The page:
Antimicrobial resistance in India threatens the survival of newborns

September 21, 2016

Multicenter study of neonatal sepsis and resistance in India underscores the need for greater attention and prevention strategies

In a large multi-center study of neonatal sepsis in tertiary care hospitals in India, sepsis incidence and mortality was high and antimicrobial resistance increased the case fatality rates. Overall, nearly one-quarter of the neonatal deaths were from sepsis. The results, published in The Lancet, indicate the need to understand the pathogenesis of sepsis in newborns and infants, as well as the need to implement proven infection control interventions to prevent the illness in low-income and middle-income countries.

CDDEP Director Ramanan Laxminarayan, in a Lancet comment, highlights the importance of sepsis prevention in newborns, as births in India and other low- and middle-income countries are increasingly institutionalized. Estimates indicate that 56,524 newborns die each year in India from sepsis due to infections caused by bacteria resistant to first-line antibiotics.

Neonatal sepsis or meningitis accounted for 421,000 deaths in 2013, roughly 16 percent of neonatal deaths worldwide. Facility-based births could help reduce the risk of sepsis; however, the risk of acquiring an antibiotic resistant infection is dramatically increased due to poor infection control.

The Delhi Neonatal Infection Study (DeNIS), examined 88,636 newborns over nearly three years in three large hospitals in Delhi, India—one of the largest studies to date of neonatal sepsis and antibiotic resistance in the Indian subcontinent. Before this study, our understanding of the impact of antimicrobial resistance was based mostly in small single-center studies. DeNIS highlights the serious risk associated with neonatal sepsis and resistance in health-care facilities and the importance of preventive strategies to reduce the risks and burden of neonatal infections.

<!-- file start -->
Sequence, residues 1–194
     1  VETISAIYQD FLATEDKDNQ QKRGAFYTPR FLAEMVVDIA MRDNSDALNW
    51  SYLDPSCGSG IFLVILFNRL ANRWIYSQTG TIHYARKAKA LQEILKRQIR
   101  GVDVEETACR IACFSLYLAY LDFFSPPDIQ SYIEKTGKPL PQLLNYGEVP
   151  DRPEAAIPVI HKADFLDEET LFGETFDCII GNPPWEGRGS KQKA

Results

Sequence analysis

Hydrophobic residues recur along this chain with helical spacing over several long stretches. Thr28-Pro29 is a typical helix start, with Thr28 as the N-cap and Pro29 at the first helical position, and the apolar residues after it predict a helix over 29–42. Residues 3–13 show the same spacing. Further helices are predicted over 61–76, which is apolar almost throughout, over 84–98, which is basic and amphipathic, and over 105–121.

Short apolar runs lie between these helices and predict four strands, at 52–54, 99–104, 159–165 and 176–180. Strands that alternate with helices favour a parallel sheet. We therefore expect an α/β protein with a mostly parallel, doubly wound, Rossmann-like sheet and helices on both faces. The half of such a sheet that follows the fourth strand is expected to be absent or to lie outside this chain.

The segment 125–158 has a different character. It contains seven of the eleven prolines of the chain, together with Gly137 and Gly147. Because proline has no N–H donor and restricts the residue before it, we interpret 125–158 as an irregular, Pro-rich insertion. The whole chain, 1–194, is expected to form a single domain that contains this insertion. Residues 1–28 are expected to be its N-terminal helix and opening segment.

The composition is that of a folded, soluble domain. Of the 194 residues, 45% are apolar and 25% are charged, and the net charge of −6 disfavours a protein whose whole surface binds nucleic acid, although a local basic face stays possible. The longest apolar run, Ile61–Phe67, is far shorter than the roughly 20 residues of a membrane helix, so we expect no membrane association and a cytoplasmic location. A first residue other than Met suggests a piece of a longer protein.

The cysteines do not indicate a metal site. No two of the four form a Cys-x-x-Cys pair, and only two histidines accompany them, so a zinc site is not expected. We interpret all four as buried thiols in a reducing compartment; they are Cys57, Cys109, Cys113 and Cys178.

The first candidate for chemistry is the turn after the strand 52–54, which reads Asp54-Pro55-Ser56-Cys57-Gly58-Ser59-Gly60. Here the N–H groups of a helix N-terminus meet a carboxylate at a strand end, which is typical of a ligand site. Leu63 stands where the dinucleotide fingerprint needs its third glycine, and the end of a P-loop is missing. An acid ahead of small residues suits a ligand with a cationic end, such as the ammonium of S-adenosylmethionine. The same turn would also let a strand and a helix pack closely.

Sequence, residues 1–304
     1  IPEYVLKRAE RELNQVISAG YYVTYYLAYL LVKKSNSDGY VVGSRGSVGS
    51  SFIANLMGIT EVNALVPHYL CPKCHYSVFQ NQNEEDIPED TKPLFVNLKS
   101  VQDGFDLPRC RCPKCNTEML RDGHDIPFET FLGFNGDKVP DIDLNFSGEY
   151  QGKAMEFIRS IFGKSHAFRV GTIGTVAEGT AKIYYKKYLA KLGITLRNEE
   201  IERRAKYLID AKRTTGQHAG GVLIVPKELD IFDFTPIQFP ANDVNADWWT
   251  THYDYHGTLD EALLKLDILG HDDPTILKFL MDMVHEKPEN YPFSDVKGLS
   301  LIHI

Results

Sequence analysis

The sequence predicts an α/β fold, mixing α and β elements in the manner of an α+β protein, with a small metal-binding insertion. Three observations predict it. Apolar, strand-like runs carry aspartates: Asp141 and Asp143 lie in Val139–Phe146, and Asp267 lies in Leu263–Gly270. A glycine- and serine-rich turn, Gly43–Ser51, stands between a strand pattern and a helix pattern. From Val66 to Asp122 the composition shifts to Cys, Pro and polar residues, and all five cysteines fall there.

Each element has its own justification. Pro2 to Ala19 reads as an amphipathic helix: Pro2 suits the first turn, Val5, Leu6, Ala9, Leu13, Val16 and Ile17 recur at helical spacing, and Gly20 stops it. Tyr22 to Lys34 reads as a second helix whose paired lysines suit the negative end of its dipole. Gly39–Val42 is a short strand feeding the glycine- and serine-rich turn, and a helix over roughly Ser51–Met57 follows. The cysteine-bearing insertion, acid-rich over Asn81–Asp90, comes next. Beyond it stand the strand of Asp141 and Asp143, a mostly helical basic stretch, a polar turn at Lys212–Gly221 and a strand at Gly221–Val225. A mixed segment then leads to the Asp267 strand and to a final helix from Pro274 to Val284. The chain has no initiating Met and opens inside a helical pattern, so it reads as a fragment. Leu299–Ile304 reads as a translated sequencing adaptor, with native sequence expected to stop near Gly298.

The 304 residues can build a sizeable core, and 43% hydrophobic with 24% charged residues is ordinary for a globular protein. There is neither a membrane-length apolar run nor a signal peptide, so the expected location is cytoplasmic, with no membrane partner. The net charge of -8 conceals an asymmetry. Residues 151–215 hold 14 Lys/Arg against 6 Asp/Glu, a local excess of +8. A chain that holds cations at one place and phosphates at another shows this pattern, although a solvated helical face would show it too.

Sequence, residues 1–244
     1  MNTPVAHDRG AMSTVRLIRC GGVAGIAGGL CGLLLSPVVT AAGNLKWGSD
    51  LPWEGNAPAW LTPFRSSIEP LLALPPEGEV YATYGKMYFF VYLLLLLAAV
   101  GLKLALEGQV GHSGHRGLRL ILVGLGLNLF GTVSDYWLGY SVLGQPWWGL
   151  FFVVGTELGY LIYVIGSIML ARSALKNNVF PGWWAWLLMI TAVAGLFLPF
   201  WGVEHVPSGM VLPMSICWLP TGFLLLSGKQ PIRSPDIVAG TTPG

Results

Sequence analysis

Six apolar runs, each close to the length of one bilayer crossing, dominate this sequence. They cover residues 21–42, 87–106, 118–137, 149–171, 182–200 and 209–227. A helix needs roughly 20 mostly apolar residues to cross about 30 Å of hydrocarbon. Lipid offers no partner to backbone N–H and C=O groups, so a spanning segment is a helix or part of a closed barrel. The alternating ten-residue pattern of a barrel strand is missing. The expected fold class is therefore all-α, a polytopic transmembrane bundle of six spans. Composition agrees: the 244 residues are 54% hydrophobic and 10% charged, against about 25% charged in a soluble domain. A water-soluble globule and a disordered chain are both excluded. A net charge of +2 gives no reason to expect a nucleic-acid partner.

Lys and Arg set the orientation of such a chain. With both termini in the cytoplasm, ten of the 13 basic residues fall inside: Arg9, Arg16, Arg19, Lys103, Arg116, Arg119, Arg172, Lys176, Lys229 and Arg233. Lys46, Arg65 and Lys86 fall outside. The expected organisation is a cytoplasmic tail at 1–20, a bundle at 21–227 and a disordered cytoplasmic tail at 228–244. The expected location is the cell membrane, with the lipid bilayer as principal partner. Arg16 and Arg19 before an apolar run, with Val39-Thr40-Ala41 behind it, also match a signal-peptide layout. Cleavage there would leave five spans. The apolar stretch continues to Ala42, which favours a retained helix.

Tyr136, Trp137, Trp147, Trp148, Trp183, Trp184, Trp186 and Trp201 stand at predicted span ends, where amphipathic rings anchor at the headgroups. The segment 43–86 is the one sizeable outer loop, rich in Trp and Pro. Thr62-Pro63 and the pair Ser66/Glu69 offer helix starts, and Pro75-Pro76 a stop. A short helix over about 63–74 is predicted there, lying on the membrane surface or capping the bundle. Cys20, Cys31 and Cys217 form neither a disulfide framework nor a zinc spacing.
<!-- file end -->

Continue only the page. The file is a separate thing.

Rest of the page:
According to Laxminarayan, “Recognizing that births in India are becoming increasingly institutionalized, the quality of care and infection control in healthcare institutions must be a priority and must receive greater attention and resources.”

The DeNIS study in The Lancet is available here:

The comment in The Lancet is available here:


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The Center for Disease Dynamics, Economics & Policy (CDDEP) produces independent, multidisciplinary research to advance the health and wellbeing of human populations around the world.  CDDEP projects are global in scope, spanning Africa, Asia, and North America and include scientific studies and policy engagement.  The CDDEP team is experienced in addressing country-specific and regional issues, as well as the local and global aspects of global challenges, such as antibiotic resistance and pandemic influenza. CDDEP research is notable for innovative approaches to design and analysis, which are shared widely through publications, presentations and web-based programs.  CDDEP has offices in Washington, D.C. and New Delhi and relies on a distinguished team of scientists, public health experts and economists.

Commentary authors: Ramanan Laxminarayan, Zulfiqar A. Bhutta


21 Sep 2016